This is the beginning of a series of articles from the retired The Dev Manager website. It was called The Dev Manager Crash Course.
Welcome to the New Dev Manager Crash Course! Whether this is your first time managing a group of developers, or you’ve run the gamut a few times, I’m happy you’re here. My goal is to give you some useful tips and direction from my experience managing multiple development teams. I learned a lot of this the hard way, but hopefully you won’t have to!
Ok let’s get started. How’s your library?
Three Books How Fast?
To read 3 books in a quarter can take some dedication. Yup, that’s 1 book a month, but I know you can do it. This is an investment in you, your career, your management and your life. This is where we start.
Each of these books has made a profound impact on the way I manage my teams and develop my career. Get your Kindle or iPad out, go to the Library, or keep your local UPS delivery team in business with a physical book delivery: its time to build your management library!
What can a Navy SEAL teach you about managing developers? Turns out a whole hell of a lot. In the book Extreme Ownership: How US Navy SEALs Lead and Win, 2 former SEALs share stories from their time in Ramadi, Iraq. When they returned home and retired from active service, they formed a consultancy based on leadership lessons they picked up during their tours.
Why this book? The juxtaposition of military and business made for an interesting read. As you can probably tell from the title, this book focuses a lot on personal ownership. Good leaders forward praise and absorb blame. The only meaningful measure of a leader is whether the team succeeds or fails. Beyond this, they stress the need for you to respectfully question direction if you don’t get it. Analyze the mission to understand the reason, then it’s easier to buy in. If you don’t believe, you won’t take risks to overcome.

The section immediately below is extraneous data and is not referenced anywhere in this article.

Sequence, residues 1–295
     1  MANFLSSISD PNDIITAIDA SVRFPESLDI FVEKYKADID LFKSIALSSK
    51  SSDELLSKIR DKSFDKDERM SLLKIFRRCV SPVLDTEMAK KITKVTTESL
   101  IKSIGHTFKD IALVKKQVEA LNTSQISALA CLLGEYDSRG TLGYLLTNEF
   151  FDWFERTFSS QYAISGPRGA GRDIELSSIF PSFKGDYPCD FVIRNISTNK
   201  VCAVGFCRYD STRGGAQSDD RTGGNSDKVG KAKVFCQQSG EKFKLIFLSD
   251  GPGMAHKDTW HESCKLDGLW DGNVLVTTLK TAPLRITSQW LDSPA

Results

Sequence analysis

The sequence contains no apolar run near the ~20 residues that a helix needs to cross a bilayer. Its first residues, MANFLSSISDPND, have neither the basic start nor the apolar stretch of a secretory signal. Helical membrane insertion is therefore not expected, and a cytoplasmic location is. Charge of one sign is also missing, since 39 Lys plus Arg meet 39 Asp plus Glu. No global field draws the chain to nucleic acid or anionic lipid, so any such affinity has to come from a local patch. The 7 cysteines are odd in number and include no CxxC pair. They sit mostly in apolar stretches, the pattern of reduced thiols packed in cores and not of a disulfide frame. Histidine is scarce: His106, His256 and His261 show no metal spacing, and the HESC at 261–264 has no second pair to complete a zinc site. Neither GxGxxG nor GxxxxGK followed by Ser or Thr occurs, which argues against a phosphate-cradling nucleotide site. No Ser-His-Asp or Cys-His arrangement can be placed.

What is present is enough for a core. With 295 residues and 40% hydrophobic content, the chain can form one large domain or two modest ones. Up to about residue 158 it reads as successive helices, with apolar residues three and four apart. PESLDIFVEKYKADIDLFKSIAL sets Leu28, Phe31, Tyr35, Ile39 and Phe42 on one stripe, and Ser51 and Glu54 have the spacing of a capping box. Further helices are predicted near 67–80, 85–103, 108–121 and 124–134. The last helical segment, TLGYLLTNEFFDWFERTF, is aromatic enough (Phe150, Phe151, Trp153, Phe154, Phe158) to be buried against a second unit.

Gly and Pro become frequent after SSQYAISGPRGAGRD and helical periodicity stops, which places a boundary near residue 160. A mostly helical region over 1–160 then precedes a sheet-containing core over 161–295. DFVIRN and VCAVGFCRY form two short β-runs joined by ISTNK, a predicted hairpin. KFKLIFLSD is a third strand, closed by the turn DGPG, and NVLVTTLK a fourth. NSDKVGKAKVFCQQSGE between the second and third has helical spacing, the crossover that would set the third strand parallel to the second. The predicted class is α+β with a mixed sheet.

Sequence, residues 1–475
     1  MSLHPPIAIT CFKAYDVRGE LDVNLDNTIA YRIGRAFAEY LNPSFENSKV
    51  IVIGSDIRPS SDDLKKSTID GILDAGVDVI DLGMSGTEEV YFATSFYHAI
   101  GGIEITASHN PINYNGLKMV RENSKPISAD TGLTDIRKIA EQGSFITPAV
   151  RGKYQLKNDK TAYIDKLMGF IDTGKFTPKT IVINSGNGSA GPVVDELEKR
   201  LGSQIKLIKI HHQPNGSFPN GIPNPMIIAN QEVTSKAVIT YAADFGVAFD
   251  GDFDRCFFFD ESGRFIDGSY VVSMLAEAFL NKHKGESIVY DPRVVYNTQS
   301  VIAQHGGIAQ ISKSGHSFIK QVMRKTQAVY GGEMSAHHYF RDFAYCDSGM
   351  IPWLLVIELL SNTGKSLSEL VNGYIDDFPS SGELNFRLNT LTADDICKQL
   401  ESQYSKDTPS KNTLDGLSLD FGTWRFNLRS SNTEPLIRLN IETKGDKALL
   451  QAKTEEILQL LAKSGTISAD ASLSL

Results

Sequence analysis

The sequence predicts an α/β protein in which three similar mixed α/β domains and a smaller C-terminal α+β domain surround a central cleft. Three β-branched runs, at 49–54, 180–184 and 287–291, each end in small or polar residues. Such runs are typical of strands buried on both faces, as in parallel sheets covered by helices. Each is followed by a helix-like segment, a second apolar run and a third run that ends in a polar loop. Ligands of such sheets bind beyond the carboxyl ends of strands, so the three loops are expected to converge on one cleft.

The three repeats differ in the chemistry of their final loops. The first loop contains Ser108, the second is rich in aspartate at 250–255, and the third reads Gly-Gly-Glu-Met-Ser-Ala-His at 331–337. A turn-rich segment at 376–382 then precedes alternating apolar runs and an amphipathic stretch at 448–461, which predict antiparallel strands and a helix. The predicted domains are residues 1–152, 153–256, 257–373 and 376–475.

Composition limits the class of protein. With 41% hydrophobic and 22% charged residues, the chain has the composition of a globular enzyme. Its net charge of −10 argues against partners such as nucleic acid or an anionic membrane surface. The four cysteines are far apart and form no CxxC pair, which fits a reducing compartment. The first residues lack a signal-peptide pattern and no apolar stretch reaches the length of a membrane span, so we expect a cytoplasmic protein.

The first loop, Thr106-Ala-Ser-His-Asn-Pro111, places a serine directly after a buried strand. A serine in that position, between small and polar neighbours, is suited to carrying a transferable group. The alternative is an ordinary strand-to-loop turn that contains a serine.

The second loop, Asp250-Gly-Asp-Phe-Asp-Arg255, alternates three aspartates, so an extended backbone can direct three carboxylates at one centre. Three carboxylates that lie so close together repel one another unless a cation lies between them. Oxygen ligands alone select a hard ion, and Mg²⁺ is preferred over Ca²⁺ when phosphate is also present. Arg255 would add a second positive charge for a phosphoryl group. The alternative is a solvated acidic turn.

Get the book: Extreme Ownership: How US Navy SEALs Lead and Win
Netscape, Symantec, Borland, and Apple. These are just some of the companies where Michael Lopp managed developers, programmers and technical engineers. Managing Humans: Biting and Humorous Tales of a Software Engineering Manager is quite an entertaining look back at the lessons Lopp learned over his career.
Why this book? Two words: humorous and directness. While the tales he tells are humorous, the meat of the lesson is very simple and direct. From Meeting Creatures (caricatures of people in every meeting, what they want, why and how to handle them) to how to plant seeds for change and growth (The Soak) and an analysis of most software engineer’s most dreaded word (offshoring), I wasn’t able to put this book down. Oh, also, it’s under 200 pages.
Get the book: Managing Humans: Biting and Humorous Tales of a Software Engineering Manager
Lopp strikes again. In Being Geek: The Software Developer’s Career Handbook he talks through your entire career path as a developer. From when you first joined the team, becoming a senior dev, the manager you are now, and when it’s time to move on.
Why this book? I have asked myself many times “what do I need to learn from this - or is it time to leave?” After many challenges where I learned a considerable amount, I finally left one of my toughest management gigs. This book helped me understand how to measure whether it really is time to leave, or if you’re just stressed out.
Get the book: Being Geek: The Software Developer’s Career Handbook
Now, stop reading all your spammy emails like this one and get out one of these books! A quote from Margaret Fuller (or maybe it was W. Fusselman?) sums up today’s lesson:
“Today a reader, tomorrow a leader.”